Talking Green: Local Students Tackle Local Climate Issues with YVSC
The Yampa Valley Sustainability Council has just completed the second term of its new internship program.
This competitive, paid internship program was created to provide hands-on training and professional development opportunities for local students and young professionals in the field of sustainability.
They do this by connecting their interns with YVSC staff and engaging them in their programs that directly address sustainability issues in the Yampa Valley.
This fall, Thomas Cooper, Lillian Svoboda and Luke Wasem joined the YVSC team. The interns brought passion and curiosity to the organization while applying their skills and growing as individuals throughout the tenure.
Thomas, a junior at Steamboat Springs High School, took the lead in YVSC’s emerging Rising Leaders in Sustainability program to engage young people in local climate issues.
Under the mentorship of Kate Brocato, YVSC’s communications and programs manager, he increased participation in this initiative by continuing to distribute their newsletter “Next Generation” and by organizing a documentary screening and a panel discussion on “Purple Mountains », a film by Protect Our Winters. which identifies outdoor recreation as a valuable way to find common ground in climate change discussions.
Lillian is a student at Colorado Mountain College. Lillian worked under the mentorship of YVSC Waste Diversion Manager Winn Cowman to lay the groundwork for implementing composting at local restaurants.
Through this project, she researched and held discussions with local businesses to discuss the biggest barriers to implementing composting in their restaurants and identify solutions moving forward.
“I feel like I gained a lot of important knowledge and experience during my time with YVSC,” Svoboda said. “I have enjoyed working with YVSC and am grateful for all the opportunities they have given me.”
Lillian’s project is an important step towards a more sustainable waste diversion system in our community.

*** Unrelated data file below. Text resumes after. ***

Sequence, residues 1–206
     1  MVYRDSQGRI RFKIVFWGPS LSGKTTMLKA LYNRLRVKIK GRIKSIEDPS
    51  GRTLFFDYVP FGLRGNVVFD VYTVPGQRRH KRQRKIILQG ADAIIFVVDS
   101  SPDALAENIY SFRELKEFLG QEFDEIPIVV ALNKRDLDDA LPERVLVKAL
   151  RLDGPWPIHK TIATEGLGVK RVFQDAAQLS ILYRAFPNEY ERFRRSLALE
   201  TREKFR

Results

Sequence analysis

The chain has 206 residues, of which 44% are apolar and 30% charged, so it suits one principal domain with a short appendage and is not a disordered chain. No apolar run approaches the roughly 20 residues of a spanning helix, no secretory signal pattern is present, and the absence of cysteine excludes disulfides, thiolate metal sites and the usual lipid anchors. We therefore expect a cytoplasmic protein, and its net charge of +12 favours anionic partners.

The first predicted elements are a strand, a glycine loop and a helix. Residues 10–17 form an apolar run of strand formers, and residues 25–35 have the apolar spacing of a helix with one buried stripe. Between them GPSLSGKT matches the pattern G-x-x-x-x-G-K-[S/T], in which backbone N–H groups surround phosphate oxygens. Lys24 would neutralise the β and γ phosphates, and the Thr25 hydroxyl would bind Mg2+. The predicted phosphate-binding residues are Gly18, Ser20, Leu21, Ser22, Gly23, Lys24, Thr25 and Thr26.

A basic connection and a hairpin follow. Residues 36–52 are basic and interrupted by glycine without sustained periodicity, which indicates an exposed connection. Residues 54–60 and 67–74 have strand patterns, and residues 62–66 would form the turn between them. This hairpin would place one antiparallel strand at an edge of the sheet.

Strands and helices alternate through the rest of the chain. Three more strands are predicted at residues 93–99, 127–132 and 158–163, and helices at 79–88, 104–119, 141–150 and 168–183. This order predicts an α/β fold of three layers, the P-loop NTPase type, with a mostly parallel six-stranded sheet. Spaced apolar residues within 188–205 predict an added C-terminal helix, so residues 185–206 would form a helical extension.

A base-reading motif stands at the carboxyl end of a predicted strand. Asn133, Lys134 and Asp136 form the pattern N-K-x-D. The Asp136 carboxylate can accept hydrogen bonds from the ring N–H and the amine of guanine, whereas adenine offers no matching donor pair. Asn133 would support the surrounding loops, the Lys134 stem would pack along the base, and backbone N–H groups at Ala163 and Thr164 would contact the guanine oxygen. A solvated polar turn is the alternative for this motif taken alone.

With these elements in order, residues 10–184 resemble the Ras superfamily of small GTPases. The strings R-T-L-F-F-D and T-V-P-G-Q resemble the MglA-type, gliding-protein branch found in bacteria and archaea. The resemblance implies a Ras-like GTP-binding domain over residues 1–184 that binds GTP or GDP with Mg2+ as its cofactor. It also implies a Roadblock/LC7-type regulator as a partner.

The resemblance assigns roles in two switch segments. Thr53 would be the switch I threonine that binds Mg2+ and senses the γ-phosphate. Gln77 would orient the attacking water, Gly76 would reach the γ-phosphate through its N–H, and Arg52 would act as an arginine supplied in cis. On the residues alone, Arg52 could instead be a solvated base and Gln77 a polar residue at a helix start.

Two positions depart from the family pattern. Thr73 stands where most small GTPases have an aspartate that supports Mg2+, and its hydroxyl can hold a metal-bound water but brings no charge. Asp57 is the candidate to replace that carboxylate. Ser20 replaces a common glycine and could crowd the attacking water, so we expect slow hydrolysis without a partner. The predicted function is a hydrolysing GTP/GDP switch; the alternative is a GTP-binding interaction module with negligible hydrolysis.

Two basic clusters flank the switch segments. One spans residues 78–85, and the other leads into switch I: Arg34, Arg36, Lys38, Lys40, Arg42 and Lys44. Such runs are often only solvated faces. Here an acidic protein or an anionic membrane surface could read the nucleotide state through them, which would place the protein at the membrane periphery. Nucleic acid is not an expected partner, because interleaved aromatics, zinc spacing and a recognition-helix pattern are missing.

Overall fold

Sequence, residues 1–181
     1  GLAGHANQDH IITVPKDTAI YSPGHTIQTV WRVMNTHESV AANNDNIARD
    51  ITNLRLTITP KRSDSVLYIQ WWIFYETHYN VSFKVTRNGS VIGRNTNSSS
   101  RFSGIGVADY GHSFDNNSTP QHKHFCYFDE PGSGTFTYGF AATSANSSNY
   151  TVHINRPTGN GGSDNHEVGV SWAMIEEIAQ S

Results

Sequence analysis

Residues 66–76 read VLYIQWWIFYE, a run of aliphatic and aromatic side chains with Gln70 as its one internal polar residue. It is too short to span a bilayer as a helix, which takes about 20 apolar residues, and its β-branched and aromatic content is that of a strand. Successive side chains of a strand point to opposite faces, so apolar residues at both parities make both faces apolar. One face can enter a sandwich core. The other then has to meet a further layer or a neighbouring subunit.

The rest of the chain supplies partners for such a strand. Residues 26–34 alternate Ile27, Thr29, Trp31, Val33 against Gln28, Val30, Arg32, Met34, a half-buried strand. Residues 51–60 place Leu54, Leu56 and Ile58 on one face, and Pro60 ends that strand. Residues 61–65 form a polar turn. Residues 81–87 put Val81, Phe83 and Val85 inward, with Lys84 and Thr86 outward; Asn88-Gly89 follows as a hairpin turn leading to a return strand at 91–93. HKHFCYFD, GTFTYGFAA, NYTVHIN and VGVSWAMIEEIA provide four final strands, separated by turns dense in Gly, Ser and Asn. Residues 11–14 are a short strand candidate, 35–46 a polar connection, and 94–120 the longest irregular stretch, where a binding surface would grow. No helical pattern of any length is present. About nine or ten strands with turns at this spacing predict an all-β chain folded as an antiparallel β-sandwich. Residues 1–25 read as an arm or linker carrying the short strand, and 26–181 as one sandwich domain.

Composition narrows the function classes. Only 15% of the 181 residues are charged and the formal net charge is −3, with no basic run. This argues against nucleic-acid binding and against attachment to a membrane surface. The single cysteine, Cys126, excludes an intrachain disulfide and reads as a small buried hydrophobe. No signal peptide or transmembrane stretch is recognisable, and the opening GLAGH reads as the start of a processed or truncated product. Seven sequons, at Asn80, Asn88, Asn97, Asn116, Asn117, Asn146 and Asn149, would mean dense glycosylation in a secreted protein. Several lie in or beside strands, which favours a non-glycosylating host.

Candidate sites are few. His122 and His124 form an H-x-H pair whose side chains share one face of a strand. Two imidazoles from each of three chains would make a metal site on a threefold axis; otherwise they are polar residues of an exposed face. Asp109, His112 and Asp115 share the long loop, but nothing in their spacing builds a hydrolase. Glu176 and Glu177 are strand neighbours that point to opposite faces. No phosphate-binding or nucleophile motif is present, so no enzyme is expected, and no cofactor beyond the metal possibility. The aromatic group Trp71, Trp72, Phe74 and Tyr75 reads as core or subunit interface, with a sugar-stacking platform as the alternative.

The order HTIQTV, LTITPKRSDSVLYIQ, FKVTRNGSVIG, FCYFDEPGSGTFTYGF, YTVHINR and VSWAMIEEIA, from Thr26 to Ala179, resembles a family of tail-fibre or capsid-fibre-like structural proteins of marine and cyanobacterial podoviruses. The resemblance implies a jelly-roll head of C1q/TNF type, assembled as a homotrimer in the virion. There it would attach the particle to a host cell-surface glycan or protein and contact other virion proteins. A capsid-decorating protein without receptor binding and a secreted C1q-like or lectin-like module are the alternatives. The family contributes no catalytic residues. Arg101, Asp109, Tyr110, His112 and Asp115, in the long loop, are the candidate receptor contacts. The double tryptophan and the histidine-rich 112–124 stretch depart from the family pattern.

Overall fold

Luke, also a CMC student, partnered with Tim Sullivan, YVSC’s Director of Natural Climate Solutions, to research and identify opportunities for applied NCS to support post-fire regeneration.
The frequency of high-intensity, long-duration wildfires and disturbances is increasing in our intermountain west as it warms and dries out. Luke’s research directly helps YVSC prioritize opportunities and identify the role YVSC can play in helping partners support the resilience of local landscapes.
Are you a student or young professional looking for professional experience and training in the field of sustainable development in the Yampa Valley? Then apply to the YVSC internship program.
We have three 12-week terms throughout the year: Spring, Summer and Fall. We encourage people from all backgrounds to apply for this position. No prior experience is required.
As an intern, you will work an average of 10-15 hours per week with a paid stipend. The application window for the spring term is open until January 28. The spring term runs from February 7 to May 6. You can find more details at YVSC.org/yvsc-internship-program/.
Nicole Pepper is a Geospatial Analyst and Internship Program Manager for the Yampa Valley Sustainability Council.